Months later, Good Morning America had one big surprise for a small-town boy with a huge heart, an on-air interview that included a surprise meeting with Ty Pennington, Paige Hennis and Michael Moloney, key members of the Extreme Makeover-Home Edition team. They answered Monica Simons' call on behalf of her son to address train accessibility. "I was completely shocked, speechless and awestruck," JT recalls of the surprise meeting with Ty Pennington. "I thought it was a dream."

But it was real. Hennis and Moloney had just three days in their hectic schedules to repaint the station, hang new signs, and make two baggage cars handicapped accessible for sixteen wheelchairs. JT wasn't allowed to see any of the progress until the final reveal on September 26th, which he says won't be shown on television. When he saw the changes, Jon Thomas says he was overjoyed, especially when he realized that his good friend from Stone's Buddies, Ian Cameron, and others using wheelchairs, could take their first ride in the newly accessible Arcade & Attica Railroad baggage cars.

Ian is a cancer survivor and uses a wheelchair. JT met him on a photo shoot when Ian was ten months old. "He was throwing a tantrum," JT says, "but when Ian saw the train, he looked like a while different kid and calmed down." It's something JT has never forgotten, and it's fueled his quest for accessibility for other kids. Three years later, the two are best friends.

The power and meaning of Ian's first ride goes beyond words.

This Saturday, two of the three scheduled train rides on the Arcade & Attica Railroad will be full, while a generous donation from a California company is helping buy out a third scheduled ride. That's 984 kids and adults riders, including those using wheelchairs. "I'm pumped," JT admits. "I'm ready to ride all three trains, armed with candy bags and lots of grins. It's eye opening and heart opening," he adds. "We're raking in the smiles."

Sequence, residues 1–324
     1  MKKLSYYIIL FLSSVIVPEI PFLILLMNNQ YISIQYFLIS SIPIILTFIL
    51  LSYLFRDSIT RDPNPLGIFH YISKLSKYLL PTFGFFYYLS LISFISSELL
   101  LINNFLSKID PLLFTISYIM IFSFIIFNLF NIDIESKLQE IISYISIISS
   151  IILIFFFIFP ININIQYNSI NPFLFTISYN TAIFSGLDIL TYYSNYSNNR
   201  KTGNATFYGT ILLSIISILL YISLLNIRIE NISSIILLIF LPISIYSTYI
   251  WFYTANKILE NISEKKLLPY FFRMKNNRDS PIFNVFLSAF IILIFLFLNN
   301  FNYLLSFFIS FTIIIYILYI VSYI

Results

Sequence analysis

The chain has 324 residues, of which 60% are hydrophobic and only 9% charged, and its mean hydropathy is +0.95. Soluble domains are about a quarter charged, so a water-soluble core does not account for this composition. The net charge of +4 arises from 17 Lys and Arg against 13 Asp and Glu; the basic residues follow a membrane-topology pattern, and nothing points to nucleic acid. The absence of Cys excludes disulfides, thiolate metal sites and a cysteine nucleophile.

No doubt on October 26th, Jon Thomas will get busy realizing dreams for Make a Difference Day 2009. Next year's goal? East Coast to West Coast train rides. Asked to sum up all the attention his efforts have received, JT calls it eye opening. "It's shown me what the world is really like and all the different opportunities that I have to give back," the unselfish preteen adds. "It's made me want to be a better person."

Out of the mouths of babes...

Just don't forget to return Jay Leno's call, JT.

Now, it's your turn. Jon Thomas and I share a few simple ways you can make a difference in the lives of others on Oct. 25th and beyond. Do it honor of this remarkable young man. " Start anywhere you think is best," JT says. "A little effort goes a long way. Our project motto is 'you gain a lot with a little'," he adds. "A pop or soda can CAN make a difference." Can it ever!
  • Don't park in handicapped parking spots unless you have a valid permit. Respect someone's freedom to move about more easily in this world. It does matter.